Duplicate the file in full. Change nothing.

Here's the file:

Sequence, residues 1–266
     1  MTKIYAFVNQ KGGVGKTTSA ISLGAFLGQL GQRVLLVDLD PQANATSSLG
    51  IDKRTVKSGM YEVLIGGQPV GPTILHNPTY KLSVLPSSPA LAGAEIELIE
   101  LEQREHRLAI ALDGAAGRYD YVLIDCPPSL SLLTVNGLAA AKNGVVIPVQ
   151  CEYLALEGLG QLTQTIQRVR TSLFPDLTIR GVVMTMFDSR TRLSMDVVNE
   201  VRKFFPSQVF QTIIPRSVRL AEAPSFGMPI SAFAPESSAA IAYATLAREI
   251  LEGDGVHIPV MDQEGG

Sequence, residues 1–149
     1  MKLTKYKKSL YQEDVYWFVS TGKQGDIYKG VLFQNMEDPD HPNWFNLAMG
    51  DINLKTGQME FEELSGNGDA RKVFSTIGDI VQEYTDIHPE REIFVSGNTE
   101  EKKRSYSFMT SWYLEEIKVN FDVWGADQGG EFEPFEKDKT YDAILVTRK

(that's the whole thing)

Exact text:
Sequence, residues 1–266
     1  MTKIYAFVNQ KGGVGKTTSA ISLGAFLGQL GQRVLLVDLD PQANATSSLG
    51  IDKRTVKSGM YEVLIGGQPV GPTILHNPTY KLSVLPSSPA LAGAEIELIE
   101  LEQREHRLAI ALDGAAGRYD YVLIDCPPSL SLLTVNGLAA AKNGVVIPVQ
   151  CEYLALEGLG QLTQTIQRVR TSLFPDLTIR GVVMTMFDSR TRLSMDVVNE
   201  VRKFFPSQVF QTIIPRSVRL AEAPSFGMPI SAFAPESSAA IAYATLAREI
   251  LEGDGVHIPV MDQEGG

Sequence, residues 1–149
     1  MKLTKYKKSL YQEDVYWFVS TGKQGDIYKG VLFQNMEDPD HPNWFNLAMG
    51  DINLKTGQME FEELSGNGDA RKVFSTIGDI VQEYTDIHPE REIFVSGNTE
   101  EKKRSYSFMT SWYLEEIKVN FDVWGADQGG EFEPFEKDKT YDAILVTRK